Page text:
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This article was published 1/4/2019 (200 days ago), so information in it may no longer be current.
Through Black Spruce is a movie that takes on a loaded subject — missing and murdered aboriginal women.
Through Black Spruce
Starring Tanaya Beatty and Brandon Oakes
2-1/2 stars out of five
Behind the scenes, it took on more loaded questions about cultural appropriation, specifically about white writers — and filmmakers — telling Indigenous stories.
The film is based on the novel by Joseph Boyden, the Canadian author whose claim to Indigenous background has come under scrutiny in the past couple of years.
Also, the film is directed by Toronto actor-filmmaker Don McKellar, whose own directing credits have veered between terrific (Last Night) and godawful (Childstar).
One thing is certain: Questions about the storytellers' right to tell Indigenous stories might feel less pertinent if the movie was especially good.
It is certainly intriguing. The narrative bounces back and forth between the perspectives of Annie Bird (Tanaya Beatty) and her uncle Will (Brandon Oakes).
The movie stands on its own merits, as a simmering whodunit where plot basics are secondary to personalities, thanks to a superb cast.
— Peter Howell, Toronto Star
It's as self-effacing as directorial cameos get, but it's also a bit sad: if McKellar knows that both his material and his subject position are dodgy, why bother?
— Angelo Muredda, Cinema Scope
Through Black Spruce is a disengaged slog that confines its poetry to a title that nonetheless remains appropriate in one key way: The film creaks like it's made of wood.
— Jessica Kiang, Variety
Barbara Samuels's screenplay discards the book's shifting perspectives for a linear take on the narrative, flattening out the drama and leaving McKellar struggling to find the story's pulse.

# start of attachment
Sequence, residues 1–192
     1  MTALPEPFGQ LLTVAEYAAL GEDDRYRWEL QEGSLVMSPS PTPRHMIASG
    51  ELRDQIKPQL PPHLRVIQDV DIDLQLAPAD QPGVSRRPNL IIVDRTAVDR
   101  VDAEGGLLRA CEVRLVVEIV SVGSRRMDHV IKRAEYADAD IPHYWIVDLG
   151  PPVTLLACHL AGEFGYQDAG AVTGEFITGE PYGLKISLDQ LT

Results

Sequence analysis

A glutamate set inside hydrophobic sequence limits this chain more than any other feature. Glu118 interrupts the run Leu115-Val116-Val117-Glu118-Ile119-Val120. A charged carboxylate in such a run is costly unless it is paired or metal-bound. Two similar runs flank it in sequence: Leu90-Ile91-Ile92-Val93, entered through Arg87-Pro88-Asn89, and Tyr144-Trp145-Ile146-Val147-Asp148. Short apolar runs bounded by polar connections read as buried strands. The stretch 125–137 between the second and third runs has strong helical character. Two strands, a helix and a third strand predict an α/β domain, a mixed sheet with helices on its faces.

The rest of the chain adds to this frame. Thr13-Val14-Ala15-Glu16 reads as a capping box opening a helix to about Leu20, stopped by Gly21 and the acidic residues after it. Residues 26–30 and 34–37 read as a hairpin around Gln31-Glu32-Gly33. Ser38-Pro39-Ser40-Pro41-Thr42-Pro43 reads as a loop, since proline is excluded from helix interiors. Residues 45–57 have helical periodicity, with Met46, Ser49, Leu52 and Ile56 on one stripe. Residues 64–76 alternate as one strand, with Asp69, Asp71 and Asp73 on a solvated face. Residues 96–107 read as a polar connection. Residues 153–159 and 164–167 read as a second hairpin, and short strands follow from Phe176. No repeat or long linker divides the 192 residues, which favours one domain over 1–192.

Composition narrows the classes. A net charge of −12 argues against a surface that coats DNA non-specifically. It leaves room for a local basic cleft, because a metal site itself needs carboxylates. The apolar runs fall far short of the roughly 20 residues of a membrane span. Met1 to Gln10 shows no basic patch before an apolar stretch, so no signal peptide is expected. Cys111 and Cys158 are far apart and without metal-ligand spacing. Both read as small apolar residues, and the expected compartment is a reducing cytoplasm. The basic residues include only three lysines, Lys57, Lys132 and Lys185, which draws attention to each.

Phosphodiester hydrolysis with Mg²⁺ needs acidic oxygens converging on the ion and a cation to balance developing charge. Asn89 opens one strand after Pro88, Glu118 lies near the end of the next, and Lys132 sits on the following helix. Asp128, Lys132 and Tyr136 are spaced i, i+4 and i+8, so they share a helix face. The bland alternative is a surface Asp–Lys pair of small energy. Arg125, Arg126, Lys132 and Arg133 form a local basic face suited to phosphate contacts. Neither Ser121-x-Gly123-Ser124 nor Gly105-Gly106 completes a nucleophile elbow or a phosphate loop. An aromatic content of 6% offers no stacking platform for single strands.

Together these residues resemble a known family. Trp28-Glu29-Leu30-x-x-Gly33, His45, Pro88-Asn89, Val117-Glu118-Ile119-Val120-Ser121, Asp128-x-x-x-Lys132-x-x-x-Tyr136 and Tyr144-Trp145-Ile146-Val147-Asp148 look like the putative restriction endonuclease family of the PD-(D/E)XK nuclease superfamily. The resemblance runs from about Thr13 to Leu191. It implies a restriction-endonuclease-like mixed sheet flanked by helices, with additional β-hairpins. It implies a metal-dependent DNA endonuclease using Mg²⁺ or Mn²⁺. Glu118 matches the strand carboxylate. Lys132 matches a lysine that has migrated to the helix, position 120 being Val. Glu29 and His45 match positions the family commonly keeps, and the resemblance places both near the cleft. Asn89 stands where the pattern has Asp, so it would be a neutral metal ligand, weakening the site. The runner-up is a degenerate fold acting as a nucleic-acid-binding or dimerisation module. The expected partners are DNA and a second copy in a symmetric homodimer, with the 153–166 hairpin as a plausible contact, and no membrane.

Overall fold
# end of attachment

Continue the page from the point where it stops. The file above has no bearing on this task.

— Norman Wilner, Now Toronto
Annie is angered and unsettled by the mysterious disappearance of her estranged sister Suzanne, who flew the coop of a rough life in Moosonee, Ont., to become a fashion model in Toronto.
When a friend offers to take Annie to Toronto to pursue the mystery, she begrudgingly accepts, only to find herself caught up in the same temptations that befell her sister.
Back in Moosonee, Will is likewise in danger.
He is considered a snitch — wrongly as it turns out — for talking to the police about the local drug lord Marius (Wesley French).
Marius is also seeking information on Will's niece Suzanne and her sketchy boyfriend, who evidently made off with a substantial portion of the gang's drug cache.
Marius is not coy about deploying his thuggish minions to harass Will at every turn.
The double narrative feels at times like disparate halves of a double feature. Will's thread feels like a vigilante movie: How much violence can one man take before he snaps?
(The fact that his story is apparently being told in flashback from a hospital bed is not a good sign.)
Suzanne's story is more of a psychological drama as Annie confronts the nature of her own sister as she follows in her footsteps, primarily by acting as the new muse to Jesse (Kiowa Gordon), an artist who saw Suzanne as a symbol of all Indigenous women.
Beyond the appropriation question, this is a movie that you want to like.
Beatty makes for an interesting heroine, a woman who has long kept her guard up and who finds herself simultaneously attracted to the traditional ways and the glitz of the big city.
Oakes is likewise appealing, underplaying the role despite abundant opportunity for dramatic fireworks. His reaction to having a Molotov cocktail thrown through his window, for example, is a model of composure.
Also, the film employs a wealth of terrific Indigenous actors in smaller roles, including Graham Greene, Tantoo Cardinal and Tina Keeper, who also a producer of the film.
But Through Black Spruce is less than the sum of its actorly parts. It lacks a feeling of real investment in these characters.
The movie succumbs to its artsy chill, when the story might have been better served as a flat-out melodrama/revenge thriller.
Ultimately, this is a movie where you feel the wide, windy gap between the people who created it and the people whose story it ostensibly tries to tell.
In a way, Randall King was born into the entertainment beat.